Are Black Superheroes Good for Black People?

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Are Black Superheroes Good for Black People?

I don’t think that superhero comics that deal with any issues in strictly black and white terms are good for any people.  The article raises some interesting points, but ultimately the grey areas (of good and evil, the individual and society) are where we not only find the best stories but the best glimpses into human existence. The article frames the discussion on African Americans dealing with the police as complicating the good and evil opposites of the hero and villain, but with the recasting of Captain America, I’m also wondering about the military. How this will address (or avoid) issues of African Americans in the military-serving the State and not a civil police force?

(Thanks to the Institute of Comics Studies for posing this question on their Facebook page!)

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My Rotring Art Pen was the first cartridge drawing pen that I had, and my dad gave it to me in high school when he started teaching me how to pen and ink.  It was perfect for learning control of line weight and always glided on the paper.  When I finally got it out after far too many years sitting in an artbox, I found that the cartridges I had left were only half full (or half-empty?) and thanks to the evaporation the remaining ink was too think to flow.  I decided rather than buying my own cartridges- I’d refill them myself.  I got a pack of 6 vet syringes and was able to load the cartridges with Rapidograph Ultradraw, once I had cleaned them out. Now it’s fully functioning and ready for my sketchbook- but I think I need to experiment more with some hypodermic needle drawings.

 

 

 

Dan Con

I got a table already for Dan Con next year at Orland Park Civic Center, March 22- Chicago Southland’s biggest comics extravaganza!  Today’s the first day to register so get a table while the gettin’s good!   This’ll be my first time going, but I’m looking forward to an event that puts local comics creators first!  http://danconcomic.blogspot.com/

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One of the many art tools I have of my dad’s this Boston Model 18 electric pencil sharpener. It quit working at the start of the summer, so I dissected to see what the problem was. The plastic gear seemed to have lost some of its teeth, and as I looked for schematics so that I could draw the gear in Illustrator then cut it with a laser cutter- I found someone who was already tooling gears for just this purpose.  It was pretty easy to install, and now it’s up and running again.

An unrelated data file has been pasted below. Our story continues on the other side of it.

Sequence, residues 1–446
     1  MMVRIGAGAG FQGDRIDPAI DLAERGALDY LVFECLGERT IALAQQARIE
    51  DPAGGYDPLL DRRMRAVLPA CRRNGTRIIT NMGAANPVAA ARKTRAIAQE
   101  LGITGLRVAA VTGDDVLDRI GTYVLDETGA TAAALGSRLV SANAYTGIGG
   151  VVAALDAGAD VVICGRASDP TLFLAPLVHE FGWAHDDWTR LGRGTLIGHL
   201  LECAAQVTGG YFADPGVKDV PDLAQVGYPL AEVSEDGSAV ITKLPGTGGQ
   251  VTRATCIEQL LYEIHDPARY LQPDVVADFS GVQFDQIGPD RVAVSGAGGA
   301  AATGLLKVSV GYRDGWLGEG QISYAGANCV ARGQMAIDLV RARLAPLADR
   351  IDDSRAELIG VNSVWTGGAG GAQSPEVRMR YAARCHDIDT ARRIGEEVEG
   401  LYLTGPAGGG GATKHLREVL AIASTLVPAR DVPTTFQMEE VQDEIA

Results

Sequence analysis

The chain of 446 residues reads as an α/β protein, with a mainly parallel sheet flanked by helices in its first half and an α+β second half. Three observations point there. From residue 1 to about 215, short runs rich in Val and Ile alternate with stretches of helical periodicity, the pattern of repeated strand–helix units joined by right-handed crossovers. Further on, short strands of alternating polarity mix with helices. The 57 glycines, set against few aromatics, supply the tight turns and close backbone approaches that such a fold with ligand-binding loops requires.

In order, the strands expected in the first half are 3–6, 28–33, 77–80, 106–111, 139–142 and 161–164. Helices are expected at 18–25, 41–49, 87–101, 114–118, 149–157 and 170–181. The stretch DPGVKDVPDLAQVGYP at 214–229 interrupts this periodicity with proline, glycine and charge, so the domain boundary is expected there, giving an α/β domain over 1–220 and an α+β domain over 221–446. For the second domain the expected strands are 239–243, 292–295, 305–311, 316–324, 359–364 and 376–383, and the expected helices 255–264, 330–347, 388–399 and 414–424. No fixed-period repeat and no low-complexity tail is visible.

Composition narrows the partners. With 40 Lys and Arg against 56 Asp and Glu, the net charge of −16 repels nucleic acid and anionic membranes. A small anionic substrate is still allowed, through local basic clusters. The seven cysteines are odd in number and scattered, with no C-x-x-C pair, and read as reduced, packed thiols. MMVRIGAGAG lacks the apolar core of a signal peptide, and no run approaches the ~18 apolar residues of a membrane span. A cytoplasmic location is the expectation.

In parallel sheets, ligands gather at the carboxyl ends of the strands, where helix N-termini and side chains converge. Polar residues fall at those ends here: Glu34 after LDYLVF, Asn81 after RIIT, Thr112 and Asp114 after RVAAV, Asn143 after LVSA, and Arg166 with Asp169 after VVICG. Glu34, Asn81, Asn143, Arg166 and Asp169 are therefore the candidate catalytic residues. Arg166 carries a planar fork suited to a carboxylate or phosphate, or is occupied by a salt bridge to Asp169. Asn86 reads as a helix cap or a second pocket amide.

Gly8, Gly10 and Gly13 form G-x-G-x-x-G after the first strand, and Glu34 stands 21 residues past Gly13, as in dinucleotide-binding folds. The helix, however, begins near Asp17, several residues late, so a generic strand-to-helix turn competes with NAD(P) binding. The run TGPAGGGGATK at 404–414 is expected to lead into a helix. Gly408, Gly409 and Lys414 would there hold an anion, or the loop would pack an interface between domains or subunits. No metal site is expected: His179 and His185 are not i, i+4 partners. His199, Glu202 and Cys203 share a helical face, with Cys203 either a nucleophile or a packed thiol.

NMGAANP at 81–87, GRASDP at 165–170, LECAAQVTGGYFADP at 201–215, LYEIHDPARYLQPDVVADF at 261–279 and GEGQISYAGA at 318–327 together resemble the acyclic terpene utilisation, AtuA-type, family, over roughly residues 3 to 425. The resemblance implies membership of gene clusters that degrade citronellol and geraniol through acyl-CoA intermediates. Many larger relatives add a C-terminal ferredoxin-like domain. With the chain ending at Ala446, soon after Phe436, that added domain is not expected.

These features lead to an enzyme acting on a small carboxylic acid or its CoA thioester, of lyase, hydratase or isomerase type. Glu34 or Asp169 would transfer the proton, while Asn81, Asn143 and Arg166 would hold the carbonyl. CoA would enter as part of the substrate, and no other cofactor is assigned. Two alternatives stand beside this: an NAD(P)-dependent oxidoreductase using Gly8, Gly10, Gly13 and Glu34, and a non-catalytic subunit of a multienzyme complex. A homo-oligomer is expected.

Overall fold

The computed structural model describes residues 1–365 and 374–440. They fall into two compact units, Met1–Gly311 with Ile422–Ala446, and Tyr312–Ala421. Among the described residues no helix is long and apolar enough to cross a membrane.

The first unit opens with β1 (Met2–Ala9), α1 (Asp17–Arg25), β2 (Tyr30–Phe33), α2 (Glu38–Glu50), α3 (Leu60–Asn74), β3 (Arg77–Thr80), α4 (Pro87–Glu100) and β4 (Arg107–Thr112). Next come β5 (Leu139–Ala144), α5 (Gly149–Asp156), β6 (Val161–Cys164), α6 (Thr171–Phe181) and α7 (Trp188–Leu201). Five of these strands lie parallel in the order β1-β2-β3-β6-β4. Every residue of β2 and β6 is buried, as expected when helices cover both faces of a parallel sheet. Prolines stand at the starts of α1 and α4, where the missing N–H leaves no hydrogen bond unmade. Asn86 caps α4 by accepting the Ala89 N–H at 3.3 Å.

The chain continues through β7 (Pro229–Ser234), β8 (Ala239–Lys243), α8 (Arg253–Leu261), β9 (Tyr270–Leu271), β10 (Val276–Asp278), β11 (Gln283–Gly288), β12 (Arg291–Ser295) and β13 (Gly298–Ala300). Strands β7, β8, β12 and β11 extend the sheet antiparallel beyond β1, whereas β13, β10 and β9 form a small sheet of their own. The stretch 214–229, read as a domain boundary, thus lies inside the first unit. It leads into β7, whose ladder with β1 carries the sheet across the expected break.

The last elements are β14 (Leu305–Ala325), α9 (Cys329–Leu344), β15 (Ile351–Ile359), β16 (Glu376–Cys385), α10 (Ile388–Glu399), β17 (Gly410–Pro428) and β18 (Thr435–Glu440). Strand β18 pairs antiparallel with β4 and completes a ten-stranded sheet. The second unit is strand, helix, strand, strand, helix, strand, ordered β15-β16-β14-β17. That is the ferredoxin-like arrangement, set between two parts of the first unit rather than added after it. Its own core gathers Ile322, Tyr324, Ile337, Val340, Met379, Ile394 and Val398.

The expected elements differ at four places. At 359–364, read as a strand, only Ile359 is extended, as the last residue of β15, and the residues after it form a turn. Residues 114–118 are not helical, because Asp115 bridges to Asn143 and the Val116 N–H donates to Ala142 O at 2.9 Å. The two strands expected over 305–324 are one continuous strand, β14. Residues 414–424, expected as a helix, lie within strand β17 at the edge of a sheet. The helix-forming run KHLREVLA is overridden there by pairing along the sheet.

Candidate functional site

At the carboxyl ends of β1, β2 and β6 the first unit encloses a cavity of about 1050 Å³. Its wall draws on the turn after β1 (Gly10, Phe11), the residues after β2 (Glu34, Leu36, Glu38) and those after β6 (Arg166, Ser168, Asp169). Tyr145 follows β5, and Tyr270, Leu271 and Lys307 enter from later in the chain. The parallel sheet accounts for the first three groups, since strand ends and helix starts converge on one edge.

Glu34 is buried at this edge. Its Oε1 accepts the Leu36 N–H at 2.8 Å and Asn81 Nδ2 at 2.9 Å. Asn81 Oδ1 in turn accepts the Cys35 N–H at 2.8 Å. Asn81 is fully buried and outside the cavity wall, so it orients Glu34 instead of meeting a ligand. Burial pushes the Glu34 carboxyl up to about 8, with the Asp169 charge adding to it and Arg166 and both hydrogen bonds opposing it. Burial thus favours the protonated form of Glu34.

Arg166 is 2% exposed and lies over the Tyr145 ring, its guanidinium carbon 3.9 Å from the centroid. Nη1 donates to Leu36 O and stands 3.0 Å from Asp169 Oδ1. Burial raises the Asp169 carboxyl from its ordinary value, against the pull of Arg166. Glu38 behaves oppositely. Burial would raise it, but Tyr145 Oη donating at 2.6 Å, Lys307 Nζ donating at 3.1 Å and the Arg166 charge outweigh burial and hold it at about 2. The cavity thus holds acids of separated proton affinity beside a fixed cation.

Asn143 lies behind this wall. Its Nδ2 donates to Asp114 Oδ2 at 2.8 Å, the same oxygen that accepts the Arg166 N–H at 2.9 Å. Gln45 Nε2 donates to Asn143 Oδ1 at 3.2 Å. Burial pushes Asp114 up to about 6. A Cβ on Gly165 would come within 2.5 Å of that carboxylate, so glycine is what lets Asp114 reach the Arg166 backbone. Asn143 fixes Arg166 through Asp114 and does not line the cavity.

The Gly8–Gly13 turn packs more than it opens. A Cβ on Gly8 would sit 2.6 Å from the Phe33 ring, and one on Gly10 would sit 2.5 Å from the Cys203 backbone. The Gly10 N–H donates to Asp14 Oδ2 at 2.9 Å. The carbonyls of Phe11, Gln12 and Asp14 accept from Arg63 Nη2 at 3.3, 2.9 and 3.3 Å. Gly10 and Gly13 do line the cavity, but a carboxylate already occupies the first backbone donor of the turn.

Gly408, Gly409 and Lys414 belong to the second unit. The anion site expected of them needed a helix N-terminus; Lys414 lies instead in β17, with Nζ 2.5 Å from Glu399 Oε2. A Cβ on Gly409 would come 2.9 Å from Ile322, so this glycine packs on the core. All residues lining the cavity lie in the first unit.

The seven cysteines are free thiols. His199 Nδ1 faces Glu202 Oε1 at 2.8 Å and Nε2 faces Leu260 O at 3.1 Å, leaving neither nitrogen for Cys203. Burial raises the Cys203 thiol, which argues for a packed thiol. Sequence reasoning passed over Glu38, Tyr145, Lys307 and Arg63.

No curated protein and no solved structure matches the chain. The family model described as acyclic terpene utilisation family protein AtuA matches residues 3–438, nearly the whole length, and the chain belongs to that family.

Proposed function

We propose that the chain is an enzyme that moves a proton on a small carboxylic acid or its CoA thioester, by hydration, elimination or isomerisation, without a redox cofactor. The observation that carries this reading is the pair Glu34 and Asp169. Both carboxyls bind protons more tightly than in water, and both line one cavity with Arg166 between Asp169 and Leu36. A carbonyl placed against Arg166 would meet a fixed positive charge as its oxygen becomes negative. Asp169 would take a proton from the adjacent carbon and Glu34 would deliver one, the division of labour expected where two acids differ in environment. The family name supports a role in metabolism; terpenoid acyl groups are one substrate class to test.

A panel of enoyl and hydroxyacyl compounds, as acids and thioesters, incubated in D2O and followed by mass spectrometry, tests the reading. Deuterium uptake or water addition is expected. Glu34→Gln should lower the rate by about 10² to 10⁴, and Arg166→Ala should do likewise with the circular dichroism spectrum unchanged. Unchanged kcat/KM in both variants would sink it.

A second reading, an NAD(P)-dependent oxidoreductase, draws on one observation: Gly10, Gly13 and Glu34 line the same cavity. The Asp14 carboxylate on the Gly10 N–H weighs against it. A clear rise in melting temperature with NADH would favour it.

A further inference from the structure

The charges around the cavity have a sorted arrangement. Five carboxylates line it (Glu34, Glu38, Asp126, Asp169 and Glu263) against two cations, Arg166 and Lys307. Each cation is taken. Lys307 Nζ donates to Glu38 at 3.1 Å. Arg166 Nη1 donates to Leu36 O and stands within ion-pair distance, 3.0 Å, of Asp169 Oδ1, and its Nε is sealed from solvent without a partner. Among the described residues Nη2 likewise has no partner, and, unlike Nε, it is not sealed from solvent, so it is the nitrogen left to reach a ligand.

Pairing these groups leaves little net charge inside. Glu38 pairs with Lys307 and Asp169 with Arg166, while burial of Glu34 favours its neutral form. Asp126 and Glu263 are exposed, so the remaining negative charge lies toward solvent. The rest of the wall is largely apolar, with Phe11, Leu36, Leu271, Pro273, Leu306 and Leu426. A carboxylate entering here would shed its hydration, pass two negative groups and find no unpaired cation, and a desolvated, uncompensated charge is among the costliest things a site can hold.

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At this year’s CAKE (Chicago’s Alternative Comix Expo) I picked up lots of books, but the one that stayed with me the most was Joshua Cotter’s Skyscrapers of the Midwest. The black and white graphic novel follows the lives of a pair of brother cats growing up in the midwest and delicately plays out the transition from childhood to adulthood with seamless shifts between fantasy and reality that are at once touching and disturbing.  There’s a loving nostalgia for the past evoked with each obsessively hatched and cross-hatched line, but also a dark current running beneath the shifting dreamscapes.  I’m definitely looking forward to picking up his other books.  Here’s his website: jwcotter.tumblr.com and an interview of his on the Comics Journal .

 

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Page 15 from upcoming comic on perceptions of an Imaginary Japan and my experiences last summer in Kyoto.  Beyond Paper Walls will hopefully be launching next April if I can keep my Rapidographs clean.

Page 15 from upcoming comic on perceptions of an Imaginary Japan and my experiences last summer in Kyoto.  Beyond Paper Walls will hopefully be launching next April if I can keep my Rapidographs clean.

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Remembering a once militant Japan. KIYOCHIKA Kobayashi created this ukiyo e in 1895 commemorating a victory in the Sino-Japanese War as Japan modernized rapidly and built up its military might- which led to WW2 involvement and the endgame at Hiroshima and Nagasaki. Today Japan and its people have often been the voice of peace but with PM Abe’s reinterpretation of Article 9- we’ll have to wait to see how that voice is changing. See more of Kiyochika’s war prints at: http://ocw.mit.edu/ans7870/21f/21f.027/throwing_off_asia_02/toa_essay02.htm